About 1 in 5 children in the U.S. has obesity. In Tennessee, about 20 percent of youth between the ages of 10 and 17 have obesity. According to the last State of the Child report, Tennessee ranks 4th in the U.S. for childhood obesity. September is National Childhood Obesity Awareness Month and provides a chance for everyone to learn more about this serious health condition and how it can be prevented.
Many factors can impact childhood obesity. We all think of the common factors like eating and physical activity, but there are others factors like genetics, home environment, community and social factors and metabolism. According to the Centers for Disease Control and Prevention, childhood obesity can be influenced by the following;
- too much time spent being inactive
- lack of sleep
- lack of places to go in the community to get physical activity
- easy access to inexpensive, high calorie foods and sugary beverages
- lack of access to affordable, healthier foods
Parents and caregivers can play a very active role in preventing childhood obesity. According to the American Academy of Pediatrics, there are five easy ways to help improve your family’s eating habits.
1. Don’t skip breakfast! Eating breakfast has been associated with better memory, better test scores, better attention span, healthier body weights, and improved overall nutrition. Despite this, almost half of American families regularly skip it.
2. Keep healthy snacks on hand. Fruits, vegetables, cheese, and whole grains are great snacks for hungry kids. Snacks can support, or even enhance, your child's overall healthy eating plan if you keep the right foods on hand.
3. Watch the portions. Overeating is very easy when there’s too much on the plate. Know the difference between a serving size and a portion size.
4. Eat as a family! Eating meals together can help everyone eat healthier, is a fun way to explore new foods together, and a great time for family conversations!
5. Keep the family meals a device/media free zone. Eating in front of screen can lead to overeating. Mealtime is an important time for family conversations and sharing the day's experiences without media getting in the way.
A child’s healthy growth can also be supported by providing nutritious, lower-calorie foods in place of foods high in added sugars and fats. Limit juice intake, which can have a lot of sugar in it. A piece of fruit has more fiber, is more filling and has less calories than a cup of juice. Water is a great alternative to sugary drinks like soda and juice. Help children get the recommended 60 minutes of physical activity each day. Physical exercise can have immediate health benefits like better sleep, better academic achievement, and reduced feelings of anxiety and stress. The CDC has provided a list of appropriate activities your child can do. Lastly, make sure your child has healthy sleep habits. Sleep helps improve attention and reduces the risk of developing type 2 diabetes, and obesity later in life. Get your child to bed at the same time each day, including the weekends; remove electronic devices from the bedroom; and keep their bedroom dark and cool. Depending on his or her age, your child needs 8-12 hours of sleep.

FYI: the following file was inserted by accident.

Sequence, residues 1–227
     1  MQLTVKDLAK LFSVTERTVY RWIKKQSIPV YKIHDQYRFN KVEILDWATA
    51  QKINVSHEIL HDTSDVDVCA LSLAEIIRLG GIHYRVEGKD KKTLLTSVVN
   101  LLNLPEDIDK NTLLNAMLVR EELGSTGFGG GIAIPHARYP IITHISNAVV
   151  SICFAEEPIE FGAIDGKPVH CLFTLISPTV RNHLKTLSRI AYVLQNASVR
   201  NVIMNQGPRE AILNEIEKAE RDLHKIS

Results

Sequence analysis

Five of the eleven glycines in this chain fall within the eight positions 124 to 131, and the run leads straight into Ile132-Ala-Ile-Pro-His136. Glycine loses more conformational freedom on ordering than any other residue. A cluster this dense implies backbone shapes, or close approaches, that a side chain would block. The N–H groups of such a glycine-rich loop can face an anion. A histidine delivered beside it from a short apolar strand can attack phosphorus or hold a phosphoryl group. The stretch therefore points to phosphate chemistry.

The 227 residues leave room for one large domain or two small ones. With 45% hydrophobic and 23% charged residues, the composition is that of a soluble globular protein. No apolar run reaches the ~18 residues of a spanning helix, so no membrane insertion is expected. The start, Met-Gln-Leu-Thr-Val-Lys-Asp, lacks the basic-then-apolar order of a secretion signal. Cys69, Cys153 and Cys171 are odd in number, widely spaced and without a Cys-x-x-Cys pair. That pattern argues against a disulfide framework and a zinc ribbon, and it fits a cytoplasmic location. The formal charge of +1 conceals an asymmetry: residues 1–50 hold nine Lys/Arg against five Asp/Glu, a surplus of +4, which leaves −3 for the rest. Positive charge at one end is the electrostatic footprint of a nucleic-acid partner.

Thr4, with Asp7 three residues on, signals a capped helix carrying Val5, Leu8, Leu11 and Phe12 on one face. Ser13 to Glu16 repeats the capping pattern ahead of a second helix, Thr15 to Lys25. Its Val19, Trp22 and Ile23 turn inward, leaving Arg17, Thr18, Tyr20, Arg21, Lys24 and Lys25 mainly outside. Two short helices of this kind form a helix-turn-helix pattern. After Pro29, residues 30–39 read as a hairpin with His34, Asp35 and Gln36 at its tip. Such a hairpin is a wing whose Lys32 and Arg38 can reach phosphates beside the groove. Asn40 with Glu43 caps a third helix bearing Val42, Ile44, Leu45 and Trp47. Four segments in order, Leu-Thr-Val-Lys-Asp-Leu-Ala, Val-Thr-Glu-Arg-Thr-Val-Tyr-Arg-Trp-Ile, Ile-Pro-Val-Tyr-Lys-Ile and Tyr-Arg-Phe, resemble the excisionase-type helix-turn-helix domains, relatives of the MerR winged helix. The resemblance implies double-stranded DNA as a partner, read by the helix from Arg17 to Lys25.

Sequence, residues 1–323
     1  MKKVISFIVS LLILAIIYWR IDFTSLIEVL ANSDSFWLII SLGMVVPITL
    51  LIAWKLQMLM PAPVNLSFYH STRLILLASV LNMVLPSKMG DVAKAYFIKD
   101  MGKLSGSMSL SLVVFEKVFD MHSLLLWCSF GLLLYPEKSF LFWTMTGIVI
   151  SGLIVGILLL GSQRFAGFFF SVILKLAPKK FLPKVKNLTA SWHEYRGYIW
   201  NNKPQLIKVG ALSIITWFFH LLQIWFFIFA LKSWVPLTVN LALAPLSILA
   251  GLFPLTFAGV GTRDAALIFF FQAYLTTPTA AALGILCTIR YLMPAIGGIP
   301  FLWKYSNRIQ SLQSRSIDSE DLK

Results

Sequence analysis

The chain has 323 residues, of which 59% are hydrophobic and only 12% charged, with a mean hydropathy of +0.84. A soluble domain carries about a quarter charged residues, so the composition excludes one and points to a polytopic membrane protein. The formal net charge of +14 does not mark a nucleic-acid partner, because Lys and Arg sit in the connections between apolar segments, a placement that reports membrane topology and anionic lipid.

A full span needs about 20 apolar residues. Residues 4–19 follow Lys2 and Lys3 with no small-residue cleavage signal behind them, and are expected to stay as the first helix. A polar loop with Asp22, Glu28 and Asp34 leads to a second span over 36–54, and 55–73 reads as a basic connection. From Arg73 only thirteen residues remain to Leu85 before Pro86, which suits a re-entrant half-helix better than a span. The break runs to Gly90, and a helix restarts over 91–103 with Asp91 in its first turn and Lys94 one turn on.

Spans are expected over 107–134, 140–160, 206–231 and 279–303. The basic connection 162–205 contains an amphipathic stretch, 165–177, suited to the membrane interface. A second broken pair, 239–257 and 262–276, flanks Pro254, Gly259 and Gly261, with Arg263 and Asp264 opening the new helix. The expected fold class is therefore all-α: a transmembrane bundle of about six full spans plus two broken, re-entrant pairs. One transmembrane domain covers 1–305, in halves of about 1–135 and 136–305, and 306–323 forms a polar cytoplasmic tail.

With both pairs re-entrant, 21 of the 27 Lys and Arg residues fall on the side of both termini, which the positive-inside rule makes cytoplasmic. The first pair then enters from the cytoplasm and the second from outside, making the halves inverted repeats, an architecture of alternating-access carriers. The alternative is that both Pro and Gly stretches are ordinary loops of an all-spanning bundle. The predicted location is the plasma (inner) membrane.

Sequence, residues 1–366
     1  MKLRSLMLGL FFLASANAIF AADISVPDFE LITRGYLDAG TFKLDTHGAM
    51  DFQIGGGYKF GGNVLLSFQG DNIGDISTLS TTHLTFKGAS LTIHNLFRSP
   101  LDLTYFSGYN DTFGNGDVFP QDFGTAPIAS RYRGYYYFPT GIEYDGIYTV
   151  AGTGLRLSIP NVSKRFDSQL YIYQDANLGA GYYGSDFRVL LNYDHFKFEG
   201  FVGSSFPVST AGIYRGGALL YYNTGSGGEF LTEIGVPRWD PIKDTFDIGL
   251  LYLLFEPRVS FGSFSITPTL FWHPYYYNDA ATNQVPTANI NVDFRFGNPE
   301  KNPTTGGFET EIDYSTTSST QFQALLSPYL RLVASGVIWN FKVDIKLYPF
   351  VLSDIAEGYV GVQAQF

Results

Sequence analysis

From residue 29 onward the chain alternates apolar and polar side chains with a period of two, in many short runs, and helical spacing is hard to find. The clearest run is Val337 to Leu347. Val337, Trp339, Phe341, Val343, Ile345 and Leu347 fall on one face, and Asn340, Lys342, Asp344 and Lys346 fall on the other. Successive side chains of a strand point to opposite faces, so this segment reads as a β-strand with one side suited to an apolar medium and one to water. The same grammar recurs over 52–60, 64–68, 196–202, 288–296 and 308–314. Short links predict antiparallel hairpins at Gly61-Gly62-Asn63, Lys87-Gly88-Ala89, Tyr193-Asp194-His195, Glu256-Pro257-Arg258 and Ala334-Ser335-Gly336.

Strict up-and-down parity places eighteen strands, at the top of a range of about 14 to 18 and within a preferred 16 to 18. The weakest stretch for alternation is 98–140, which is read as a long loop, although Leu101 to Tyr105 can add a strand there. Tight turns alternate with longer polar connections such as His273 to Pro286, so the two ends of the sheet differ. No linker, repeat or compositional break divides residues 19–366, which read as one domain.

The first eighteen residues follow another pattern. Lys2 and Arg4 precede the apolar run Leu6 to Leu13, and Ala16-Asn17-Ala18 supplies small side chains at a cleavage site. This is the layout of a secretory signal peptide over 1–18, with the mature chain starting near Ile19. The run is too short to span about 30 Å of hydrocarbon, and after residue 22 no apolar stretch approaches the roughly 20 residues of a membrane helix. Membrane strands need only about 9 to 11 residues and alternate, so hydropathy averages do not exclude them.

Parents and caregivers can also help prevent childhood obesity by learning about body mass index or BMI. BMI is used to screen for weight categories that may lead to health problems. For children and teens, BMI is age and sex specific, and is often referred to as BMI-for-age. In children, a high amount of body fat can lead to weight-related diseases and other health issues. Being underweight can also put one at risk for health issues. Use the child and teen BMI calculator to find your child’s BMI and learn more about what it means and how it’s interpreted.
The Special Supplemental Nutrition Program for Women, Infants and Children or WIC provides supplemental food assistance and nutrition education to low-income pregnant, postpartum and breastfeeding women, infants and children until the age of 5. The federally funded program also provides referrals to other health, welfare, and community bases services your family may need. To set up a WIC appointment, contact your local county health department for services.
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